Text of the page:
MADISON LIGHT ARTILLERY,
aka Capt. Richard’s Company,
& aka Ward’s Battery
(from Dunbar Rowland’s “Military History of Mississippi, 1803-1898”)
Mustered into State service April 28, 1861.
First Lieutenant--James S. Reid.
Second Lieutenant--Thomas J. Richards.
These were the original officers.
As organized December 12, 1862, Richards was Junior First Lieutenant; W. Frank George, Second Lieutenant; J. K. Kearney, Junior Second Lieutenant.
Original roll, 66; killed, 15; wounded, 12; died, 5.
At the battle of Gettysburg Captain Ward was in command of two batteries, and subsequently he was promoted to Major, commanding a battalion of artillery. Capt. Thomas J. Richards then commanded the Madison battery, which was reported in March, I864, as 127 men, 59 horses and four 12-pounder Napoleon guns.
The battery served under Col. R. L. Walker, attached to the Third corps in the campaign of 1864. Walker's twenty batteries were put in motion, attending the divisions of Heth and Wilcox, down the Plank road toward the Wilderness, Poague's battalion in front, early in the morning of May 5. When Heth's division, in advance, encountered the Federal cavalry, Richards' battery was pushed forward and assisted in driving it back upon the main body. Poague's battalion was posted by the artillery chief of the army at the only place near the front where artillery could be used, and one gun of the battalion, being further advanced, was effectively used in the bloody repulse of the attack on Heth and Wilcox that afternoon. Next day, when fresh Federal troops pushed back the weary divisions of Heth and Wilcox, the guns under Poague and Ward checked the onslaught and enabled Longstreet's troops, just arriving on the field, to take a favorable position and drive the enemy back. In the battle of Spotsylvania they aided in repulsing the Federal attack on another salient of the Confederate line than the Bloody Angle. When the scene of battle was changed to the South Anna and the enemy made a demonstration higher up the river, at Jericho ford, Poague's battalion was sent with Heth's division to meet that danger. The repulse of the Federal infantry was followed by a sharp battle of artillery. "Major Ward, second in command of Poague's battalion, a devout Christian, gallant soldier and efficient officer, was here killed by a cannon shot," General Pendleton reported. At Cold Harbor, June 3, the Madison artillery was ordered into a position over the protest of Poague, in which they were exposed to the fire of a heavy line of skirmishers. The battery was almost entirely crippled, and many lives lost to very little purpose, Pendleton reported. "Richards' pieces were with much difficulty gotten back to the works occupied by the infantry. They were there, however, used with some effect, as the enemy attempted to advance, the cannoneers being to some extent protected."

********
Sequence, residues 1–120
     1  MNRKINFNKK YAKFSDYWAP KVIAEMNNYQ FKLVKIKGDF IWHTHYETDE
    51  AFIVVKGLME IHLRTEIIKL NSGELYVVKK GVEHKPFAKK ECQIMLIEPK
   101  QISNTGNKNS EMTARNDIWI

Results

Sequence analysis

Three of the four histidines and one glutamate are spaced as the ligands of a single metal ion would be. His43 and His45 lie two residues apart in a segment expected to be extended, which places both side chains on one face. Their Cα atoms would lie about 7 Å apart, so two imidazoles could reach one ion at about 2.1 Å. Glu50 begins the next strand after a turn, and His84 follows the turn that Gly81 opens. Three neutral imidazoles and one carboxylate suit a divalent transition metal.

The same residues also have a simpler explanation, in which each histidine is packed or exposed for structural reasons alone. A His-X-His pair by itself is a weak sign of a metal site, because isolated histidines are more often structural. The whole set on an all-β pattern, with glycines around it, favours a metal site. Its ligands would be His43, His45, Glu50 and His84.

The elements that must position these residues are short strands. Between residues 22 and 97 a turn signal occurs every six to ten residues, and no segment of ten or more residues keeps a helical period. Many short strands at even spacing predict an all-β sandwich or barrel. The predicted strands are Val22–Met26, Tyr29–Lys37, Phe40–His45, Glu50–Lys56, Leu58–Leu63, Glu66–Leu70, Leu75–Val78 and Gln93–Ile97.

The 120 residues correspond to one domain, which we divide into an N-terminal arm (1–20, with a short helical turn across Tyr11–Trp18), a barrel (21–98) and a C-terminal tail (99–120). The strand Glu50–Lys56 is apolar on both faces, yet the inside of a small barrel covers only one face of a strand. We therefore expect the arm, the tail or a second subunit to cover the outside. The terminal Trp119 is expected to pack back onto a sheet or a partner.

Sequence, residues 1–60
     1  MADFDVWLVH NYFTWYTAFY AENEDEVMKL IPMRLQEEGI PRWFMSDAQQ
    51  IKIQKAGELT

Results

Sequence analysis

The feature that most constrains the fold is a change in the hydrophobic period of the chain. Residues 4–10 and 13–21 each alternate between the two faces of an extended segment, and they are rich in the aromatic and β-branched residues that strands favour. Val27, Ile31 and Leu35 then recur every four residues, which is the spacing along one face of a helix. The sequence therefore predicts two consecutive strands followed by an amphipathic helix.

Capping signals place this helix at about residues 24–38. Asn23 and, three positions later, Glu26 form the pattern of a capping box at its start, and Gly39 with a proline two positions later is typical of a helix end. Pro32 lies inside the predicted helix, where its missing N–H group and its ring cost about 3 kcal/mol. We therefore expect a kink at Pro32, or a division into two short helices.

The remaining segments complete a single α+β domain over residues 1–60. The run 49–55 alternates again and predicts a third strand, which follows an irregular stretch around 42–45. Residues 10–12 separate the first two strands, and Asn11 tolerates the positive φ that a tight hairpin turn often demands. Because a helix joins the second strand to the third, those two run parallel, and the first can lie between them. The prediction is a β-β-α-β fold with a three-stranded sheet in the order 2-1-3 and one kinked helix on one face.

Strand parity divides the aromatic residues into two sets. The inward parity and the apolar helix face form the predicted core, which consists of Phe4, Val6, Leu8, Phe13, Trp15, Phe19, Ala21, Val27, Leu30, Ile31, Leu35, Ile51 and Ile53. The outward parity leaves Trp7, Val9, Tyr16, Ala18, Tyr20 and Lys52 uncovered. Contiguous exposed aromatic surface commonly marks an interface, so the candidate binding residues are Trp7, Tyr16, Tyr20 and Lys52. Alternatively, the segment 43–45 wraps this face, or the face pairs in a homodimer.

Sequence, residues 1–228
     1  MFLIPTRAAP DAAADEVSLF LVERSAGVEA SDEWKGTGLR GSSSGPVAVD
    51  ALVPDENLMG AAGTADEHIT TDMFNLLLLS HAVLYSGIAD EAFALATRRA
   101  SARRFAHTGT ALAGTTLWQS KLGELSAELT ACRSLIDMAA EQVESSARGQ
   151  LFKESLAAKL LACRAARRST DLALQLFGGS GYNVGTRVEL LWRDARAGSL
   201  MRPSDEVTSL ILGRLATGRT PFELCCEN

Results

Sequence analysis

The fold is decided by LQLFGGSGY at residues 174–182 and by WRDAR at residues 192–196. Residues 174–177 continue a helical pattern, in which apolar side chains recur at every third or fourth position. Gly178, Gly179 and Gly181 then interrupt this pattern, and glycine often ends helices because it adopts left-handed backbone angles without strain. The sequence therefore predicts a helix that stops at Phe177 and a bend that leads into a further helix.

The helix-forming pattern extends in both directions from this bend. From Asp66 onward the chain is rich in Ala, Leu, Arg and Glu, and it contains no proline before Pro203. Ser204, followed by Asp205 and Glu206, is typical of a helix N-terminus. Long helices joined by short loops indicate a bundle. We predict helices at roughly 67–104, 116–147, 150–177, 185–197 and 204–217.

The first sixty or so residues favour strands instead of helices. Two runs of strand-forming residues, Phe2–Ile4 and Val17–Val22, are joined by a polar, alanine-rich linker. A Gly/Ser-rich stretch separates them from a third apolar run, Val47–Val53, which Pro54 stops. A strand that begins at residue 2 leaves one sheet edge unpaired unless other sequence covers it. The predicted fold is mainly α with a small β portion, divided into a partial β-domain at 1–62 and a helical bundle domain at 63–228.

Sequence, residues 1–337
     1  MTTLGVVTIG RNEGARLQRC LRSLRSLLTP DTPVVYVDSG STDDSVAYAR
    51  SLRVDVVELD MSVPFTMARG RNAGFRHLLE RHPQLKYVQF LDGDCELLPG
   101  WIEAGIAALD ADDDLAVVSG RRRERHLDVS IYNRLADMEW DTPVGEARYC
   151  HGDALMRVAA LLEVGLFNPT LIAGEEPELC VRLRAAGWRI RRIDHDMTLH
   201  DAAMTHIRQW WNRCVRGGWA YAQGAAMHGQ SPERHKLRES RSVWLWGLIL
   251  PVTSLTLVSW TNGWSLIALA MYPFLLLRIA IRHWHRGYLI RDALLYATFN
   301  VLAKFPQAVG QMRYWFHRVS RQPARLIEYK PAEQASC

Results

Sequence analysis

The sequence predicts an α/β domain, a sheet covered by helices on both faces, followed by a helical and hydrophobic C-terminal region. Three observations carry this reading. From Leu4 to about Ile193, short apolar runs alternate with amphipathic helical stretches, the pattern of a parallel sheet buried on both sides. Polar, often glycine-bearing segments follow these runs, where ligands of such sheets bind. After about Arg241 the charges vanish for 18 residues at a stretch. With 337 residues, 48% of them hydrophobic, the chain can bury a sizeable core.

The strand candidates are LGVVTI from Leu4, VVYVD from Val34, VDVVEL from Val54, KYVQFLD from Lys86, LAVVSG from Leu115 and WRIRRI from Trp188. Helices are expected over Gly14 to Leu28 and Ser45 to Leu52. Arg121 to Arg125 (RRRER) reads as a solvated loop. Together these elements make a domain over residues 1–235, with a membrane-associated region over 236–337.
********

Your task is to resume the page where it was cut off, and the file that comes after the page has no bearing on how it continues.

In the final campaign in Virginia the battery was commanded by Lieutenant John W. Yeargain. [END OF AN ALL TOO BRIEF HISTORY FOR THIS GALLANT BATTERY]